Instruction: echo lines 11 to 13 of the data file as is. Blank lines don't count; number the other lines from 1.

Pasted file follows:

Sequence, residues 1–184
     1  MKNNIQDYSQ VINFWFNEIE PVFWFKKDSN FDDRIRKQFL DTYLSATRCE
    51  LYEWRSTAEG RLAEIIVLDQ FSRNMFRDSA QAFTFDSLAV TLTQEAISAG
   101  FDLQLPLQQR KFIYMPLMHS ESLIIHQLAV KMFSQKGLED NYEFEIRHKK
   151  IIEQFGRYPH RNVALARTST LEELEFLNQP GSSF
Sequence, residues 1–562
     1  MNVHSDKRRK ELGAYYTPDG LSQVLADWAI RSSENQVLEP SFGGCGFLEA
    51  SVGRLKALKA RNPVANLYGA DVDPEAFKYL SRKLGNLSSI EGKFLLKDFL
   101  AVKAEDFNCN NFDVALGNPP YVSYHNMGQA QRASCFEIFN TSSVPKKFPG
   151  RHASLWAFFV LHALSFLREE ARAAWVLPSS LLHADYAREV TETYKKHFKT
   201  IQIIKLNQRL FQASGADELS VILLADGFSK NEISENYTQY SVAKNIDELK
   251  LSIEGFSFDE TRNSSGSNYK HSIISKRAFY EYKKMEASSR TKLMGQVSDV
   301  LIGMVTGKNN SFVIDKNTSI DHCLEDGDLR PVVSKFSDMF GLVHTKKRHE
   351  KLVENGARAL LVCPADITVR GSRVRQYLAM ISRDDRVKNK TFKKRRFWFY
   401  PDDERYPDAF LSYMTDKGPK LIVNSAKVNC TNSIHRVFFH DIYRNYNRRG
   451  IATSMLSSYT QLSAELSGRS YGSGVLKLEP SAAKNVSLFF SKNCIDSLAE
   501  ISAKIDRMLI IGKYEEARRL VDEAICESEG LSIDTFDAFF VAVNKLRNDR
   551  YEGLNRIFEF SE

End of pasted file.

   201  IQIIKLNQRL FQASGADELS VILLADGFSK NEISENYTQY SVAKNIDELK
   251  LSIEGFSFDE TRNSSGSNYK HSIISKRAFY EYKKMEASSR TKLMGQVSDV
   301  LIGMVTGKNN SFVIDKNTSI DHCLEDGDLR PVVSKFSDMF GLVHTKKRHE